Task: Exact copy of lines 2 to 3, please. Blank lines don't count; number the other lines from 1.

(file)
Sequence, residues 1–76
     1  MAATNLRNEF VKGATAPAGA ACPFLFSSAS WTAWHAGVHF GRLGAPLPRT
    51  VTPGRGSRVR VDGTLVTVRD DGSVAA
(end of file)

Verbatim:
     1  MAATNLRNEF VKGATAPAGA ACPFLFSSAS WTAWHAGVHF GRLGAPLPRT
    51  VTPGRGSRVR VDGTLVTVRD DGSVAA